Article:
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Review: The Mikado (The Hypocrites)

By Chicagotheaterbeat @chitheaterbeat

Review: The Mikado (The Hypocrites)   
The Mikado 

Written by Gilbert and Sullivan
Adapted by Sean Graney and Kevin O’Donnell 
Directed by Sean Graney 
at Chopin Theatre, 1543 W. Division (map)
thru Jan 13  |  tickets: $28   |  more info



Some moments of charm in this muddled, indulgent ‘Mikado’


Review: The Mikado (The Hypocrites)


The Hypocrites presents


The Mikado

Review by Lauren Whalen 

All around me, people of all ages were enjoying The Mikado. Children batted balloons and adults giggled with glee as the chirpy cast ran around the theater wielding various instruments and props, the picture of wackiness. And yet, I wasn’t buying it. I asked myself why: I relish silliness (I adored Drury Lane’s Xanadu), I’m a big fan of Gilbert and Sullivan, and I’ve enjoyed The Hypocrites’ past work (namely last May’s Romeo Juliet). I love energetic performers and strong design elements. On the bus home, I finally answered my own question. I disliked Sean Graney’s new adaptation of The Mikado for two reasons: it was sloppy, and it was smug.

Review: The Mikado (The Hypocrites)
Graney’s company is staging a Gilbert and Sullivan repertory through January. The other work, Graney’s critically acclaimed adaptation of The Pirates of Penzance, has played in Chicago and Boston to thunderous acclaim. I’ve never seen it, but many of my friends (and this site) speak highly of the innovative take on an old favorite. Apparently Graney is expanding on a well-received and profitable idea, and I don’t blame him. However, lightning doesn’t always strike twice, at least the first time around.

First, The Mikado hasn’t aged as well as Pirates. It’s the lighthearted equivalent of Carousel: beautiful music, but a politically incorrect product of its time. In 2012, a satiric tale of British politics in the guise of a Japanese fable – complete with borderline-offensive character names – seems a little…inappropriate. (Hot Mikado, a 1986 musical comedy adaptation, isn’t produced much either.) Even in an abbreviated adaptation, some of the songs are so dull and dated, even the best singers can’t make them bright.

Second, Mikado is rough. The Hypocrites have had two years to perfect Pirates, and perhaps Mikado will receive the same refinement over time. Staging the show in a circus-like setting, with loud voices and colors, is a fun idea in theory but requires strong choices and attention to detail if it’s to really work. The cast and crew of last spring’s Romeo Juliet made clear choices – I didn’t always agree with these choices, but I appreciated their existence.

Third, Mikado is smug. Christopher Plummer once likened working with Julie Andrews to being “beaten over the head with a Valentine’s Day card” and I felt the exact same watching this production. The cast and crew are very pleased with themselves: every cartoonish aside, every ruffly costume piece and every banjo or mandolin chord screamed, “Look how great we are!” A good, solid show – whether it’s heavy drama or glittery camp – will speak for itself rather than assault me with inflated self-esteem. And over-the-top cuteness is all well and good but it must have direction (see Victory GardensFailure: A Love Story for an example of twee elements that are funny and sweet, rather than cloying).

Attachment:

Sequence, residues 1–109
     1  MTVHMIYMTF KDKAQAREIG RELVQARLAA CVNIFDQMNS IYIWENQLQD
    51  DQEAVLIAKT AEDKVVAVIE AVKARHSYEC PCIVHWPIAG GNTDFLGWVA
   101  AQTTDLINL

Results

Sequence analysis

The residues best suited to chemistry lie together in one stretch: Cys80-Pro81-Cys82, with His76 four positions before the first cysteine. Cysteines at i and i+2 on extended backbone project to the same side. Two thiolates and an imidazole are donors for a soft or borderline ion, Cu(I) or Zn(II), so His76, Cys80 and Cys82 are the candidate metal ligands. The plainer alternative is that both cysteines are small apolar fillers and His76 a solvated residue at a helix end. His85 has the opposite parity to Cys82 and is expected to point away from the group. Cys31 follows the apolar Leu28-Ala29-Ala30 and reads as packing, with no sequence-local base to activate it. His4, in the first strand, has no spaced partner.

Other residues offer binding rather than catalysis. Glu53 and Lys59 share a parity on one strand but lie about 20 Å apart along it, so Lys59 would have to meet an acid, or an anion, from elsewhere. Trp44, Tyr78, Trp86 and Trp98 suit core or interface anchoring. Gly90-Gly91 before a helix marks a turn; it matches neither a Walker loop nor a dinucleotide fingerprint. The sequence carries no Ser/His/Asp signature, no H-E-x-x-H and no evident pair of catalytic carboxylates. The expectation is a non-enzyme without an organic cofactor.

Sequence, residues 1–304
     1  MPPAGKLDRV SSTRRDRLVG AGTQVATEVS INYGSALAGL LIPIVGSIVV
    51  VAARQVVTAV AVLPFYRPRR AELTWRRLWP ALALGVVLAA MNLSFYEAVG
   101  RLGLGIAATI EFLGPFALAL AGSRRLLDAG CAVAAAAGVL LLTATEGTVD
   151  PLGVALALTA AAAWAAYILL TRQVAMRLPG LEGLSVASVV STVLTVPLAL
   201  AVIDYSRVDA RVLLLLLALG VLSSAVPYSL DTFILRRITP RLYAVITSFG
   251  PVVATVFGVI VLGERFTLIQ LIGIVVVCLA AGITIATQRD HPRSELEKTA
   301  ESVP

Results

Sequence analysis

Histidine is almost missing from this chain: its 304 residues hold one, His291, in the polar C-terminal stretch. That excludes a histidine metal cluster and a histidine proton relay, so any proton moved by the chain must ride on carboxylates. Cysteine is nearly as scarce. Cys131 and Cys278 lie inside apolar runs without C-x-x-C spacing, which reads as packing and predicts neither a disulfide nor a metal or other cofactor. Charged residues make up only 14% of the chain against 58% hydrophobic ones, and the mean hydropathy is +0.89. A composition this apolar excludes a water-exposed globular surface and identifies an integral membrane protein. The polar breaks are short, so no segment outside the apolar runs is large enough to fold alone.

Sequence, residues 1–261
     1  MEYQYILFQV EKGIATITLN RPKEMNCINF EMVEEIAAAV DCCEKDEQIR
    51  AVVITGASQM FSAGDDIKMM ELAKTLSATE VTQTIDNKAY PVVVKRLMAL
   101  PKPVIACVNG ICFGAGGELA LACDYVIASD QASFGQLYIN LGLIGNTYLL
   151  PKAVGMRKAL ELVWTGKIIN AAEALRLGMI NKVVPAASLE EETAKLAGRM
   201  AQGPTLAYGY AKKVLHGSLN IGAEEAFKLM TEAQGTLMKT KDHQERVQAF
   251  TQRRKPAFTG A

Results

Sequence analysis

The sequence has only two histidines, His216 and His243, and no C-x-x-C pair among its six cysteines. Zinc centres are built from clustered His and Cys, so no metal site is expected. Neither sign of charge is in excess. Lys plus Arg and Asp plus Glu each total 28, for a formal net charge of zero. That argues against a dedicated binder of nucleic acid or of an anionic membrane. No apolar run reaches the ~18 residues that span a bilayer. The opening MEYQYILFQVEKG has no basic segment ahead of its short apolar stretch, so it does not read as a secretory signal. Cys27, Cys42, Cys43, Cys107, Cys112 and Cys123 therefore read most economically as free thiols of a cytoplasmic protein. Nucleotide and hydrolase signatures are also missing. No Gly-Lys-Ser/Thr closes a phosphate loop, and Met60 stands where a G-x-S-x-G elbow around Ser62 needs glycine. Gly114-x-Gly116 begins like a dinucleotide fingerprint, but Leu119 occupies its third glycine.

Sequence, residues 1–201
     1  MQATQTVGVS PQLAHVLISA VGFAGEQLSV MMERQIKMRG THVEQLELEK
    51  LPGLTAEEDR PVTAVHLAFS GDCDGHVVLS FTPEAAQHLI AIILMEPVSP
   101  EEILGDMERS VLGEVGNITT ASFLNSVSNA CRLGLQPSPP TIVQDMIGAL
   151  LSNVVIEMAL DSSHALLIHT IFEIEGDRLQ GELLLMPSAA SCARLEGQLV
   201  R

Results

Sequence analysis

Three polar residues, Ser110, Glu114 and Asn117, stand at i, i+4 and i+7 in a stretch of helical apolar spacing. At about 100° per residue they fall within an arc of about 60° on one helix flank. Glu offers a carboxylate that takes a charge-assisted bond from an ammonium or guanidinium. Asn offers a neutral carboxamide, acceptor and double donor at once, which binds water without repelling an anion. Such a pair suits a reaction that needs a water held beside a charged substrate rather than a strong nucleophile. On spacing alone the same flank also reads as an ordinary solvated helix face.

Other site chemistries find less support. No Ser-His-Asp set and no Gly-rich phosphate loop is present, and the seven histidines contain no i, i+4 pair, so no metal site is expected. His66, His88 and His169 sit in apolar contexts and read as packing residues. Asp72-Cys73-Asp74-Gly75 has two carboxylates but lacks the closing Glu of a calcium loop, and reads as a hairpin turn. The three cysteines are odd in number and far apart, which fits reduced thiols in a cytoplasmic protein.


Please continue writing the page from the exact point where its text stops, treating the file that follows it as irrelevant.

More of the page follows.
The Hypocrites have a strong talent pool, and Mikado displays several charming performances and production values. Emily Casey is delightful as ingénue Yum-Yum, and her rendition of “The Sun Whose Rays Are All Ablaze” is a show highlight. As guardian Ko-Ko, Robert McLean displays wonderful timing and genuine longing in the poignant solo “Tit-Willow”. And Shawn Pfautch camps it up with delight in the dual role of bumbling romantic hero Nanki-Poo and bitter spinster Katisha. Michael Smallwood’s big-top set perfectly recalls an old-timey circus with cheerful patterns and vivid primary colors, a stunning complement to Alison Siple’s spirited cacophony of a costume plot.

A word of warning to theatergoers: the basement of the Chopin is quite stuffy, so dress and hydrate accordingly. Also, seating is extremely limited and performers use the entire space, so you will be asked to move more than once. And, if you and I are like-minded, you might exit The Mikado with several cavities and an overwhelming urge to start a fistfight to counteract 80 minutes of pure sugar shoved in your face.


Rating: ★★



The Mikado continues through January 13th at Chopin Theatre, 1543 W. Division (map). Presented in repertory with ‘The Pirates of Penzance’ –- full schedule here. Tickets are $28, and are available online through (check for half-price tickets at More information at  (Running time: 80 minutes, includes a brief pause)

Review: The Mikado (The Hypocrites)

Photos by Matthew Gregory Hollis




Emily Casey (The Mikado, Yum-Yum); Shawn Pfautch (Nanki-Poo, Katisha); Robert McLean (Ko-Ko); Matt Kahler (Pooh-Bah); Ryan Bourque (Pish-Tush); Christine Stulik  (Pitti-Sing); Dana Omar (Peep-Bo); Doug Pawlik, Becky Poole, Erik Schroeder (ensemble)

behind the scenes

Sean Graney (director, co-adapter); Kevin O’Donnell (co-adapter); Miranda Anderson (stage manager); Michael Smallwood (scenic design); Alison Siple (costume design); Heather Gilbert (lighting design); Katie Spelman (choreography); Maria DeFabo  (props design); Andra Velis Simon (vocal director); Matthew Gregory Hollis (photos)

Review: The Mikado (The Hypocrites)


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